World – India ranks No 4 in online film and TV piracy: MPDA Report
MUMBAI: The Motion Picture Distributors Association (India) (MPDA) has released two internet piracy studies that go to say that copyright infringement online is a major problem in India.
The first report by Internet company DtecNet – based on tracking of downloading IP-addresses on P2P networks – showed that from April to September 2009, India was among the top 10 countries in the world with the largest number of illegal P2P activities.
Similar results were found by internet company Envisional. In its internet piracy landscape report, Envisional found that online piracy of film and television content in India was mainly carried out through the file-sharing network BitTorrent and cyber lockers or web-based file hosts such as RapidShare or HotFile. Video streaming sites are also popular, though their usage is lower than Bittorrent and cyber lockers.
The major international BitTorrent portals were heavily used by Indian downloaders. In addition, the number and popularity of a range of large Indian-focused BitTorrent trackers was extremely high.
Within a range of BitTorrent swarms for six MPA member studio films, 6.5 per cent of IP addresses located could be traced back to an Indian IP address. This placed the country as the fourth largest downloader after the US, Great Britain and Canada.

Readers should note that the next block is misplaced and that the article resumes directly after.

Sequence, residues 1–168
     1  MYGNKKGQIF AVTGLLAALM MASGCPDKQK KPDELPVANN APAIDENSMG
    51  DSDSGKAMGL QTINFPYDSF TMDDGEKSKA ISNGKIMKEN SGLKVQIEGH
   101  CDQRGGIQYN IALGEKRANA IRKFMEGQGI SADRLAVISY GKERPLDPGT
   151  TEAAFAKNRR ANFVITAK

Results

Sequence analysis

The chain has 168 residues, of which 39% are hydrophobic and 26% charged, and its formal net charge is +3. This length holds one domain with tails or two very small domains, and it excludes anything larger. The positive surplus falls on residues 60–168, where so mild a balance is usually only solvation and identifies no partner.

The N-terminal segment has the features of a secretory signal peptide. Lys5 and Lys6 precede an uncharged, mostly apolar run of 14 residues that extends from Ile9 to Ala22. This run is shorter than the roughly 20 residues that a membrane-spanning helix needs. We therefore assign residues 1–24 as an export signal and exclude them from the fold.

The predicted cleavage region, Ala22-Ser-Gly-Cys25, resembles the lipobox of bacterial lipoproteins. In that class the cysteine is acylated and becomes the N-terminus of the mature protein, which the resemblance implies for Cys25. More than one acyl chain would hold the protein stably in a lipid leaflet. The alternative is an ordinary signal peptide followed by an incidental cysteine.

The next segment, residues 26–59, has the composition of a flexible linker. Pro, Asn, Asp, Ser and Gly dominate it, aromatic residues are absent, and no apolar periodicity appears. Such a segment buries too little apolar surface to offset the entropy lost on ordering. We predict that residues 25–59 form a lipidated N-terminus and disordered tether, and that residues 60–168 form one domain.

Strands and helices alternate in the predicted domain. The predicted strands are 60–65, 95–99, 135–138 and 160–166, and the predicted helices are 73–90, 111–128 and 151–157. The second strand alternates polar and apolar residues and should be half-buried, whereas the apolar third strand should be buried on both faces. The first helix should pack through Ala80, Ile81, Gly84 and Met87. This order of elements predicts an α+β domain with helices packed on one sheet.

Hindi films are the most widely available domestic Indian content with most down loaders in Delhi, Bengaluru and Mumbai. The recent film Kaminey is estimated to have been downloaded just over 350,000 times on BitTorrent with around two thirds of those downloaders located in India.
“The numbers the surveys have come up with just underpin our constant refrain – that the economic and social impact of online piracy is enormous and will have even greater long-term implications if not addressed,” said MPA president and managing director, Asia-Pacific, Michael Ellis.
“We are only too aware that more needs to be done to help people understand that when they take unauthorised content off the internet, or pay next to nothing from a pirate street vendor, they are indulging in online theft and therefore damage the very movie-making community that has been bringing them decades of entertainment,” Ellis added.
Moreover, India is one of the largest users of cyber lockers in the world. On an average, 8.2 per cent of visitors to the top ten cyber lockers worldwide are located in India and the country makes up 11.8 per cent of visitors to the top ten cyber locker link sites which collate and index pirated content held on cyber lockers.
As broadband penetration is now accelerating in India, measures for stemming internet piracy should be considered or the numbers of subscribers involved in P2P file sharing in India are likely to grow exponentially in tandem with the country’s broadband growth, and are expected to pose even more significant risks to its domestic film industry as well.
Added MPDA (India) managing director Rajiv Dalal, “Around the world, film industries face the same problems. We need strong laws to support copyright, strong enforcement of those laws, stiff sentences for people who violate those laws, and most important, an understanding by ordinary citizens, the people who love movies, that buying pirated movies hurts the industry and makes it difficult for movie makers to make new films.”
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